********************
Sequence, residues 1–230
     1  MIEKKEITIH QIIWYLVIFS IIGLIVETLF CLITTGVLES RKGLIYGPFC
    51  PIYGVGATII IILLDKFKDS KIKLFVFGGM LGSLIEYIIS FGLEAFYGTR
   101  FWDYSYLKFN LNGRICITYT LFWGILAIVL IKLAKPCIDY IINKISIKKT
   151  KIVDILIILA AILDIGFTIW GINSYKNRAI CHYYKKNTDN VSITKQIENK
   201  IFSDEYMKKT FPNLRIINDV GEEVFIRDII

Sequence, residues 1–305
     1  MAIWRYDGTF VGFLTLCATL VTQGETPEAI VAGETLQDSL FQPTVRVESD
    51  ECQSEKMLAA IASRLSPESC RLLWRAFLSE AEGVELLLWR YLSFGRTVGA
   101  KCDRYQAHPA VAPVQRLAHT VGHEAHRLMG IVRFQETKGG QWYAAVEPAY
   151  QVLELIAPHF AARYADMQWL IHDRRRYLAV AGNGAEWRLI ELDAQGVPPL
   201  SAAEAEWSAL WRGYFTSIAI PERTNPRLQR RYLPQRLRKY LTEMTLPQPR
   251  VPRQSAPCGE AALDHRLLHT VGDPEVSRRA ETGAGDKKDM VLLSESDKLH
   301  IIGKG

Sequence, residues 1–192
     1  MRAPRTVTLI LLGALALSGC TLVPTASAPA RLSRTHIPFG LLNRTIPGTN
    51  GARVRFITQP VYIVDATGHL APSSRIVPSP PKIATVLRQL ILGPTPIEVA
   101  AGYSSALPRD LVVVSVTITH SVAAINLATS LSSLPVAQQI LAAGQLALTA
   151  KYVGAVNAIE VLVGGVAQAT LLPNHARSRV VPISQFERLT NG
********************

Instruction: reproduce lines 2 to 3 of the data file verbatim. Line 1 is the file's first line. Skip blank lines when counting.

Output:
     1  MIEKKEITIH QIIWYLVIFS IIGLIVETLF CLITTGVLES RKGLIYGPFC
    51  PIYGVGATII IILLDKFKDS KIKLFVFGGM LGSLIEYIIS FGLEAFYGTR